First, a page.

Burkhardt defended BRS’ performance as chief operative of Estonian Railway for the past five years. “This privatization has met every objective set forth by the government. Most importantly, they have cleaned up the pervasive internal corruption that existed during the period of state ownership,” he said.
Burkhardt went so far as to claim that the government was carrying out the interests of the Russian transport company Severstaltrans.
The state owns 34 percent of Estonian Railway. Edgar Savisaar, the economy minister who has spearheaded the government’s hard-nosed campaign against BRS, stressed that termination does not mean nationalization. “The owners of the company will be paid the full price of their holding, consisting of the sum paid to the state for the stake plus the investments made in the company. Payment to make up for price rises in the meantime in a justified amount will probably also be made.”
If BRS contests the contract termination with the Stockholm Court of Arbitration, a legal battle lasting for two to three years, or even longer, can be expected, the Economy Ministry predicted. The majority stake would remain in BRS’ possession for the duration of the court proceedings.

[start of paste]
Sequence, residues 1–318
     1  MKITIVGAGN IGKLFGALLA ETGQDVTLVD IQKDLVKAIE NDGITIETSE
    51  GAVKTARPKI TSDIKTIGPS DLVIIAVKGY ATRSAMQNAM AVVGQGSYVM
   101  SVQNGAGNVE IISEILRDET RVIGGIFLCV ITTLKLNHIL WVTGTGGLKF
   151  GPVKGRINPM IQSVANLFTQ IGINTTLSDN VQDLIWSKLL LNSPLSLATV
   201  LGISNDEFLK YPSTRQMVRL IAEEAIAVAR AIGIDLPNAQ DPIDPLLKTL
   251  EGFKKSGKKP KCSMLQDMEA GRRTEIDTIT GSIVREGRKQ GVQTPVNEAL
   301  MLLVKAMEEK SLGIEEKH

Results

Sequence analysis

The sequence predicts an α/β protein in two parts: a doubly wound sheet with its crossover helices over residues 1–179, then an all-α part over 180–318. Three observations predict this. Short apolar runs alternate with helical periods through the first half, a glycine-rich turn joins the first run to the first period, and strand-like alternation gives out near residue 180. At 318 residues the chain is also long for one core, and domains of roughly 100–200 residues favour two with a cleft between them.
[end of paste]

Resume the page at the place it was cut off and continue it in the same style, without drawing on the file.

BRS stated that, according to agreements between itself, the state and Estonian Railway, the only way to settle differences is through the Stockholm Court of Arbitration. “BRS and Estonian Railway cannot accept a one-sided rescinding of agreements, and intend to force the state to accept responsibility damages to investment and other damage caused by its irresponsible and unlawful acts,” the company said.
Burkhardt said he was confident the plan to terminate the privatization wouldn’t succeed.
According to BRS board member Juri Kao, the Economy Ministry is in a panic due to a number of mistakes made in relation to the rail company. “The minister’s [Savisaar’s] proposal to nationalize the railway is colored by emotion and cannot be carried out in reality,” he said.
He explained that the ministry has ended up in a highly embarrassing situation, characterized by vital mistakes and violations of EU law, international agreements and domestic legislation. “The minister is trying to come up with new topics in a rush, but unfortunately many of [his] statements contain false information,” Kao said.